Risk of Liability for Advisors
In past years, advisors ran little risk of liability. However, a law passed in February 2020 called Treasury Laws Amendment (Combating Illegal Phoenixing) Act 2020 (Cth).
The law introduces the concept of a ‘creditor-defeating disposition’, being: “A disposition of company property for less than its market value (or the best price reasonably obtainable) that has the effect of preventing, hindering or significantly delaying the property becoming available to meet the demands of the company’s creditors in winding-up.”
So basically, removing an asset from a company at less than market value (or no value).
The law introduces criminal penalties for a company officer who undertakes such a disposition, or anyone who is found to be procuring, inciting, inducing, or encouraging such a disposition, and the disposition was made in a manner that is seen to be “reckless to harm”.
If the transaction does not meet the level of “reckless to harm”, civil penalties can still apply.
The “or anyone” part of the law is probably targeted at pre insolvency advisors, and liquidators to a lesser degree, but as it says, it could be any type of advisor.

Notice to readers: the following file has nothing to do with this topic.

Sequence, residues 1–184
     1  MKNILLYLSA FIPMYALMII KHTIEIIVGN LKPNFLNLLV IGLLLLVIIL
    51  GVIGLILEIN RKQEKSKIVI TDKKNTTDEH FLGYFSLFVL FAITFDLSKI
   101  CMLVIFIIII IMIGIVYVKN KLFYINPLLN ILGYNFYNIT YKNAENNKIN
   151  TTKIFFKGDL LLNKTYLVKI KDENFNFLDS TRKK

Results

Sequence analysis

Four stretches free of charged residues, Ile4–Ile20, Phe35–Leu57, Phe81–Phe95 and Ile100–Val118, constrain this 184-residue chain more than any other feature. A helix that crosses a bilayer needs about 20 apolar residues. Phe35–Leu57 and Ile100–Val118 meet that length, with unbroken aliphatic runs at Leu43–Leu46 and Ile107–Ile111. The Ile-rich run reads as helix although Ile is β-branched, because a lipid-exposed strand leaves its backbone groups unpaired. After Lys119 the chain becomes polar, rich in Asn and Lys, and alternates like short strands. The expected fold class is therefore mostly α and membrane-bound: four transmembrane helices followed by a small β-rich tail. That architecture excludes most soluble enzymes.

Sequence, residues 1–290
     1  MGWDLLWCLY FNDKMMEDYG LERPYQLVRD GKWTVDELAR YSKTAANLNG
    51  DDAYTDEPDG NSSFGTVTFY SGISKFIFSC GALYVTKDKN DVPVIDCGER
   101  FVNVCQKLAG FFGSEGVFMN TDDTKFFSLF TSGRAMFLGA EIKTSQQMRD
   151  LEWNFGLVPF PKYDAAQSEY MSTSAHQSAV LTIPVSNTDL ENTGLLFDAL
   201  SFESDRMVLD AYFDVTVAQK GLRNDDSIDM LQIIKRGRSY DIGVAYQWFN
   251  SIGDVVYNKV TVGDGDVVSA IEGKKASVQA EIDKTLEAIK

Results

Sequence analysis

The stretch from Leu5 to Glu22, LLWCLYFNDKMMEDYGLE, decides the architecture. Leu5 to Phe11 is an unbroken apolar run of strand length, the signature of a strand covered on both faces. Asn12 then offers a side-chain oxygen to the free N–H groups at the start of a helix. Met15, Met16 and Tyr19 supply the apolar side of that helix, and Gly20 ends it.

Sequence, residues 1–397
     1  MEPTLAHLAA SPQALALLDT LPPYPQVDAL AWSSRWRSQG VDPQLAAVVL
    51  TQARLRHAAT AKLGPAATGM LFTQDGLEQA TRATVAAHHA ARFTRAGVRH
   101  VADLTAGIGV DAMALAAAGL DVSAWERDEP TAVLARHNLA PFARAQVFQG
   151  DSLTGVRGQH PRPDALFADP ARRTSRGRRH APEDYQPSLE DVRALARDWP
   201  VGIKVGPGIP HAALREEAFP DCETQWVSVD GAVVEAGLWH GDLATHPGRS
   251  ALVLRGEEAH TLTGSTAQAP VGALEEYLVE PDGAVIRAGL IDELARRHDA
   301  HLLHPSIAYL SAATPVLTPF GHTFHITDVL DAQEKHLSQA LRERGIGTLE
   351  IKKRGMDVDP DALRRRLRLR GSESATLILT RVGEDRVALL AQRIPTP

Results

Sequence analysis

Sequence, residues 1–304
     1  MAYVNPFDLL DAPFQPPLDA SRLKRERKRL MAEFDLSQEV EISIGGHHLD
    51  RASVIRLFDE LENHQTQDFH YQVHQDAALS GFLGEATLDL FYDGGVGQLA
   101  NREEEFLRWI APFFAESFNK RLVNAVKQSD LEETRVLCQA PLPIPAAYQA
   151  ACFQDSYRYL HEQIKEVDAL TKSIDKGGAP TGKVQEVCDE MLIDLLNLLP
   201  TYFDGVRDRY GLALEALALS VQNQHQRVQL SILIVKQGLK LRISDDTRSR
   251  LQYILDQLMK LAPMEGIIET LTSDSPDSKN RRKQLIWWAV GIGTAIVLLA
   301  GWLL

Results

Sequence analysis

ASIC Prosecution of Advisors
There have been a couple of actions against pre insolvency advisors and lawyers found to be complicit with Corporations Act breaches in the last couple of years, but nothing yet under these new elevated powers.
The new powers came in right around the start of the COVID-19 pandemic so it may be that once the effect of that subsides, we see more activity in this area.
Protecting Your Fees
If you are doing work in the lead up to a liquidation, there is a danger your fees could be seen as a preferential payment and overturned in the liquidation process. A simple trick to avoid this is to ask to be paid for your work in advance. Payments received in advance cannot be classified as preferential.